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One more note on the election


A followup to my earlier post:

  • Nate Silver's column today has two throwaway sentences that reminds me of one more reason I'm cautiously skeptical of the polls:

    Some of the consistency in these results may reflect a tendency of polls to converge or "herd" around the polling average close to Election Day. This may occur because some polling firms alter their turnout models or other aspects of the polls so as not to produce outliers -- a dubious practice if the goal is to provide an objective take on the race.

    In other words, it's not the case that there are two dozen pollsters that are each deciding independently that Obama is ahead in Ohio. What we're seeing is the most self-confident handful of pollsters standing by their decisions, and less confident pollsters succumbing to peer pressure rather than produce outliers. To have faith in averaging (or even weightedly averaging) these results, one has to believe that the most self-confident pollsters who don't shift their results are also the most accurate and statistically unbiased pollsters. The Dunning-Kruger effect suggests that there is a good chance this might not be so. Thus, all it would take is a handful of obstinate pollsters with statistically-biased likely-voter models to produce a systemic statistical bias in the polls. It's not necessarily the case: the polls that fudge at the end of the cycle might be reducing, rather than introducing, error. But we're not seeing the wisdom of crowds here; the Bayesian probability that there's a systemic bias in the polls is substantially higher than if the pollsters were producing results independent of one another.

  • Josh Marshall responds to me and correctly points out that we're working with very very few data points. But that should just reduce our confidence that we know what's going on. Do the 1972 polls tells us anything about the 2012 polls? What about 1992 or 2000?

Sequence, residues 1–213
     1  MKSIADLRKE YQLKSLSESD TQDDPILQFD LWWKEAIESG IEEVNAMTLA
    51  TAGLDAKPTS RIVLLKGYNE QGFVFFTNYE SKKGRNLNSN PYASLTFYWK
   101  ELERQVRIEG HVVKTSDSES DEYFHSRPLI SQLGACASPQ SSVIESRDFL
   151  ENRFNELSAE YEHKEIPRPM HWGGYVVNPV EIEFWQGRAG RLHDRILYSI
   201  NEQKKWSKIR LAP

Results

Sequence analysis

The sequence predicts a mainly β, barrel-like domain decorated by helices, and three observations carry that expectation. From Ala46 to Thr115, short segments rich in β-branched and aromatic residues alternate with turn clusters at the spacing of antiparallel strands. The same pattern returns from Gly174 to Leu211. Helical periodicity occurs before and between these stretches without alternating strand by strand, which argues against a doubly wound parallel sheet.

• Silver looks at recent instances of state polls and finds they got the winner right the overwhelming majority of the time. Of course, as Silver recognizes quietly, that's not the correct question. How often were the polls 3 points off? One has to do the counting oneself, but it was nine times out of 29 in 2008 (albeit less often in closer state races).

  • Colby Cosh has the best short piece on the Nate Silver phemonenon I've seen yet.

  • Separately, thanks to Nate Silver for a generous tweet. He has a much larger platform than me, and is facing much more prominent critics than me with much stupider arguments; it would have been very easy for him to pretend I didn't exist and simply shoot fish in a barrel, and it's to his credit that he lent his twitter feed to promote my thoughts.


If we believe Nate, then he has discovered what no one else ever has. Namely that statistical analysis has reached such an advanced state that it can predict the future. That unto itself begs credibility.

I was reading some old articles on line. Nate was trashing Rasmussen as a totally worthless polling outfit back in January, 2011. About a week before the Wisconsin gubernatorial recall in June, 2012, Nate wrote there was a 95% chance Walker would survive the recall. Apparently he based this opinion on a small number of polls which utilized Rasmussen's methodology. He also didn't post an opinion until fairly late in the game. At least I can't find where he did until late May, 2012.

The present election boils down to this: If the Democrats get D +7 or D + 8 as they did in 2008, Obama wins. If it is D +3 of less, Romney wins. No one can predict what the turnout will be.

I am amused by all the posters on the NYT and other Democrat leaning sites. They hail Nate as being "objective" while decrying conservatives as "not understanding science and math." They repeat this meme ad nauseum.

I spent quite a while in grad school studying quantum mechanics. The two areas I worked in were computer modeling of protein folding and solving the Schrodinger equation. You would think these are straight forward problems. Put the charges, spaces, bond length, molecular size, geometry, etc into the computer and get an accurate answer. But it doesn't work out like that. Computers can't solve these problems because the math is too difficult. So one has to continuously adjust the programs, make guesses, assumptions and approximations to get a more accurate answer that agrees with observation in the lab.